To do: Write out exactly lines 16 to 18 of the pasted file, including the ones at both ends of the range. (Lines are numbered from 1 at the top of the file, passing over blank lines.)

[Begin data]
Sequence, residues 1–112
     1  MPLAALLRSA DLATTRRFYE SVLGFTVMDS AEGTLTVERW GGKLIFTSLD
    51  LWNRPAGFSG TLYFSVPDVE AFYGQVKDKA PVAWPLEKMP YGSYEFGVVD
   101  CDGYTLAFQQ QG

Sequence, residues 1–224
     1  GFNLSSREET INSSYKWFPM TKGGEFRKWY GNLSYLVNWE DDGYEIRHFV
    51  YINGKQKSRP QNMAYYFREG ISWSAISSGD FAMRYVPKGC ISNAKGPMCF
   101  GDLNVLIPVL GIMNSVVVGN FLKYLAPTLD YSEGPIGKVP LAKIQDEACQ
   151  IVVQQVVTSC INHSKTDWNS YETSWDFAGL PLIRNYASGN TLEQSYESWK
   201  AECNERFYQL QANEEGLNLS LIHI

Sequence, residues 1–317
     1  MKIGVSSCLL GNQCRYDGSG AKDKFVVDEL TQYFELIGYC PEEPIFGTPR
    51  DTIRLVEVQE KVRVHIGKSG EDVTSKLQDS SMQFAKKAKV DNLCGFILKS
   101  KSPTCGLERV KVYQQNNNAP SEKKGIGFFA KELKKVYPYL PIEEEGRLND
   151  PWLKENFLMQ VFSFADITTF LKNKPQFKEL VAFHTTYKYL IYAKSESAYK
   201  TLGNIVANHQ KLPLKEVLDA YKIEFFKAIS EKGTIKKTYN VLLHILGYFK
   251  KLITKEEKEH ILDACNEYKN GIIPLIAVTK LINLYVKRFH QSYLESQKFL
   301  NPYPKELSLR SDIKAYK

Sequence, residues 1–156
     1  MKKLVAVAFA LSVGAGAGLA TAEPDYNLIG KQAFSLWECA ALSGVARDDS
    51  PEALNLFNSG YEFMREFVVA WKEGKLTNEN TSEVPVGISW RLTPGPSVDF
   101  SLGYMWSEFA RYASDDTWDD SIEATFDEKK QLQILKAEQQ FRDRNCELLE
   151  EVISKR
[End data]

   201  TLGNIVANHQ KLPLKEVLDA YKIEFFKAIS EKGTIKKTYN VLLHILGYFK
   251  KLITKEEKEH ILDACNEYKN GIIPLIAVTK LINLYVKRFH QSYLESQKFL
   301  NPYPKELSLR SDIKAYK